Heading into slumber land is definitely easier on some nights, but difficult on others. Why is that? Chances are it may be because of your foods. Check out this compiled list of what can aid your sleep or negatively affect it.
Tryptophan-Rich Foods- Never heard of it? Well, you can find tryptophan in milk, nuts, seeds, bananas, honey and more! Generally, dairy items contain the tryptophan amino acid, which helps promote sleep.
Carbs: According to WebMD carbohydrate-rich foods complement dairy foods by increasing the level of sleep-inducing tryptophan in the blood.
A snack before hitting the mattress: Never go to bed on an empty stomach as you’re depriving your body the entire night of energy. While we don’t encourage this as an excuse to indulge, a little food in your stomach may make you feel comfortable and help you sleep.
Full Stomachs: Going to bed on a full stomach can lead to feeling bloated and cause discomfort when you’re trying to fall asleep.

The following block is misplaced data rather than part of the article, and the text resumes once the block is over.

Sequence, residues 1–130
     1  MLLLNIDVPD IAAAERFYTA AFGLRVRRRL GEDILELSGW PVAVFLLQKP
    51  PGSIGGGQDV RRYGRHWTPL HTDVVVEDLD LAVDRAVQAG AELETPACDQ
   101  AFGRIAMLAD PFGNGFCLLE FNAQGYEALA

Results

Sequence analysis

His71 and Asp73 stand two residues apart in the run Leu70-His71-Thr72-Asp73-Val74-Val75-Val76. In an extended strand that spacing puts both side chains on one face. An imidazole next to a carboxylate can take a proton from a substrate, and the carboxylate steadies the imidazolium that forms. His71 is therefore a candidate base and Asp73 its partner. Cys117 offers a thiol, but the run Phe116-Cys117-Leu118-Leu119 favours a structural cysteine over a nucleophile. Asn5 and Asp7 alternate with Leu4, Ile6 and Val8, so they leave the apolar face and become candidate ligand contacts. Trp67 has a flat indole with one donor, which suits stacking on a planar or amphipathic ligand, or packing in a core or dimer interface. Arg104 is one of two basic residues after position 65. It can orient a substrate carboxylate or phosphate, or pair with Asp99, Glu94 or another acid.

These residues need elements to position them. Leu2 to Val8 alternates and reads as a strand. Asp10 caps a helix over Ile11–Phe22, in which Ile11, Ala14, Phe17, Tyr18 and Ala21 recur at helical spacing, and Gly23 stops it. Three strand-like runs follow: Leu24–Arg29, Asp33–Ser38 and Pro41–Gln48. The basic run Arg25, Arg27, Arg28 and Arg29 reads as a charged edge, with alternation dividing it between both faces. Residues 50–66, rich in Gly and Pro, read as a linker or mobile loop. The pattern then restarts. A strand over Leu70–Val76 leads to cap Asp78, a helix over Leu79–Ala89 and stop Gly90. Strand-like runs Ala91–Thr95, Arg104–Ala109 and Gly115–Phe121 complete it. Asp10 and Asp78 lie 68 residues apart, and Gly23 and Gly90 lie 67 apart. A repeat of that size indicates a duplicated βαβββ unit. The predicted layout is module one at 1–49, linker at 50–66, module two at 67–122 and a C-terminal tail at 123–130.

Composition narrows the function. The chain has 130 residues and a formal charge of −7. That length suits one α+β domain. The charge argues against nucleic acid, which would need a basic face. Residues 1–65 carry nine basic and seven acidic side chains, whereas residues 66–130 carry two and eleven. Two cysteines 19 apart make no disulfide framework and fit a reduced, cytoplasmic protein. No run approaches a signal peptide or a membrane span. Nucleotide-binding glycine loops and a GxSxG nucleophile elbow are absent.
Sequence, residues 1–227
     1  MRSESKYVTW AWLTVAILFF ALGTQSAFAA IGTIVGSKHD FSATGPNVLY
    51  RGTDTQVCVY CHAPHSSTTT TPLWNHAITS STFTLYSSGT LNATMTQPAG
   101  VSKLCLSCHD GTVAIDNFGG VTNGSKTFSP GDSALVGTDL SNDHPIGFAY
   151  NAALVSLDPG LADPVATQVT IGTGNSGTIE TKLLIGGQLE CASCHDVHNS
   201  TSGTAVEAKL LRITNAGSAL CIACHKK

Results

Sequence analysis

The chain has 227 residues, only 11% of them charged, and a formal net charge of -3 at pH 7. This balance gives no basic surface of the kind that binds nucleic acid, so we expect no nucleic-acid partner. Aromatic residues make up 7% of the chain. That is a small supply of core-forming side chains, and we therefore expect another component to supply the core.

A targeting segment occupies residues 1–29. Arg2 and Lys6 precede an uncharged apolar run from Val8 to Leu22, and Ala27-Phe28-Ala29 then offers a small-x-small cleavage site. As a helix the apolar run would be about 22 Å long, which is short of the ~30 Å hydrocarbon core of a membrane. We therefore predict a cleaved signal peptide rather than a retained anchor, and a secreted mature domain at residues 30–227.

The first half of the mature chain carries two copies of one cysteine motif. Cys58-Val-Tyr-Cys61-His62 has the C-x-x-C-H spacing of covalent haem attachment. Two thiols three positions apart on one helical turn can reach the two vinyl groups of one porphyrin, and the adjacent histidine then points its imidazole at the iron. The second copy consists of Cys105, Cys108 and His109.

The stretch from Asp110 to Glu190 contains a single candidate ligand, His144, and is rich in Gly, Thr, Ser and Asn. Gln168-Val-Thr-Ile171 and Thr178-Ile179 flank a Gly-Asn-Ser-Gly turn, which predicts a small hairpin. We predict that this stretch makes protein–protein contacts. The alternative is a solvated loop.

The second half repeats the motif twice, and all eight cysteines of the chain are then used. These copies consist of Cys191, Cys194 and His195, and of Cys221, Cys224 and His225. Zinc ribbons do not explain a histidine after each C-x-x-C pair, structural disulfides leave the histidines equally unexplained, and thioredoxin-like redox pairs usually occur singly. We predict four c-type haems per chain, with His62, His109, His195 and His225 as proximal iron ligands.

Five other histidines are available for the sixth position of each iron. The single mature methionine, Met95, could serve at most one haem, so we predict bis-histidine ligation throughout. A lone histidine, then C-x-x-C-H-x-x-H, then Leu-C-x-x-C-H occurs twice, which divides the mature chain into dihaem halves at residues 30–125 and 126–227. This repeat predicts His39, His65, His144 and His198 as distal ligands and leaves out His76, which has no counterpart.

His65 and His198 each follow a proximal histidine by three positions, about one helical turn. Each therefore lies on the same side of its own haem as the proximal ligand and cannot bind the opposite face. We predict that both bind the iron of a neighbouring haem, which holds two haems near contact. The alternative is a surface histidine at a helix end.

High-Fat Foods: Items like burger and fries and other fatty goods can cause disruption in your sleep cycle because they are harder to digest.
Caffeine: We know you’re not hitting the coffee at night, but it’s the little things like caffeinated soda, chocolate or some teas can prevent you from falling asleep. Try to cut out these items 6 hours before you go to bed.
Alcohol: While alcohol seems like it helps you fall asleep faster, it can lead to a disruptive sleep. Alcohol dehydrates your body, which can lead to headaches, night sweats and more. According to WebMD, if you’re consuming alcohol in the evening, balance each drink with a glass a water to dilute the alcohol’s effects.
Spicy Foods: This can upset your stomach, which means more trips to the bathroom.